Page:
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Markoulakis v. SNC-Lavalin Inc.
While legal processes are infamous for taking a long time to resolve, there are occasions when a wrongfully dismissed employee will win damages before the end of their reasonable notice period. When this happens, the question is whether that employee should be immediately paid all of their damages, and if so, how the courts can be sure that the employee fulfills their obligation to look for new employment during the notice period. The approach of Pollack J. in Markouakis v. SNC-Lavalin (2015 ONSC 1081) provides an innovative solution to this problem.
Eftihios Markoulakis (“Markoulakis”) was 65 years old, and had worked for over 40 years as a senior civil engineer, when he was dismissed. After his dismissal, his employer (“SNC-Lavalin”) paid him the equivalent of 34 weeks’ compensation in lieu of notice.
Markoulakis sued for wrongful dismissal and claimed a notice period of 30 months, but the matter made it to summary judgment (a type of motion which provides an accelerated resolution of an entire claim) roughly 8 months after his dismissal.
In determining what notice a dismissed employee is entitled to, the court will look at how well the employee mitigated (looked for comparable re-employment) following their termination. If the employee finds new employment, any amount that they earn during their notice period is deducted from their wrongful dismissal damages, since they did not suffer any damage if they replace the income lost from their old job.
The Defendant argued that if Markoulakis was given damages for a period extending into the future, i.e. longer than 8 months, he would escape from his obligation to mitigate, since there would be no way to determine whether he was still applying for jobs, and perhaps earning income, during the rest of the notice period.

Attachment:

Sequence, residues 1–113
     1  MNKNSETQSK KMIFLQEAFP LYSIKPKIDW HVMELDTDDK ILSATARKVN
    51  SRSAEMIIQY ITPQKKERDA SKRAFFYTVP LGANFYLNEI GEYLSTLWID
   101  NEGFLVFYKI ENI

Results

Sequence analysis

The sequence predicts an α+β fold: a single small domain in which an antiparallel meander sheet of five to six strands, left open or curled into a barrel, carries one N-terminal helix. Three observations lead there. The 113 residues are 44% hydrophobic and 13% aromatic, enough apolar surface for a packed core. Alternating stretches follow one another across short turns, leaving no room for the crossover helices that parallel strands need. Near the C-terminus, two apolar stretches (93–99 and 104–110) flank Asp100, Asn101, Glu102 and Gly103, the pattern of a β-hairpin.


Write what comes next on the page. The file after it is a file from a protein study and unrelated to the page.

1. How long should Markoulakis’ period of reasonable notice be?
2. How and when should Markoulakis’ damages be paid?
Pollack J. considered Markoulakis’ age, role, and length of service, along with an extensive table of cases provided by the plaintiff, and determined that he was entitled to 27 months’ notice of his dismissal. The exceptional length of Markoulakis’ service, and the fact that he had worked for the Defendant for his entire working life, were factors in the court’s decision to award an elongated notice period.
Markoulakis argued that the Court should make his entire 27-month notice payment immediately. He argued that he should have no further duty to mitigate by finding alternate employment, because he had established that it was virtually impossible. He had been 65 when dismissed and was 66 at the time of the summary judgment motion. Senior civil engineering positions were rare; none of his 33 job applications had been successful.
The Court found that this established that the chances of re-employment for Markoulakis were low, but that re-employment was not impossible. There was not enough evidence to determine that Markoulakis should be released from his obligation to mitigate.
The Defendant argued that the motion should be adjourned until after the end of the notice period so that Markoulakis’ mitigation efforts could be assessed then.
Pollack J. considered but declined to follow the approach taken in a pervious case, Russo v. Kerr (2010 ONSC 6053), wherein the Court awarded partial summary judgment part-way through the notice period and adjourned the balance of the motion until the end of the notice period. Instead, Pollack J. determined that the most appropriate solution was for the Defendant to pay Markoulakis his monthly compensation each month for the remainder of the notice period. This obligation was “subject to the Plaintiff’s obligation to mitigate his damages and to a deduction in the monthly payments by the Defendant for any earnings from employment of a business.” In other words, Markoulakis still had to search for replacement employment, and any employment income during the notice period would be deducted from his monthly damage payments.
Lessons for Employers
Employers should keep in mind the long potential notice periods which can be awarded to long-service and especially to older employees, and that a wrongfully dismissed employee’s obligation to seek replacement employment continues even after judgment, if judgment comes before the end of the notice period. If you have any questions about your rights and obligations under employment law, contact Monkhouse Law today for a free consultation.
Lessons for Employees
Employees should be keenly aware of their ongoing, almost inescapable duty to mitigate. A wrongfully dismissed employee must make diligent efforts to find replacement employment, and should keep records of those efforts. As Markoulakis shows, employees will not be released from that obligation even if they demonstrate that the odds of success are low, and even if they successfully sue their employer before the end of the notice period. If you have any questions about your employment situation or your rights in employment law, contact Monkhouse Law today for a free consultation.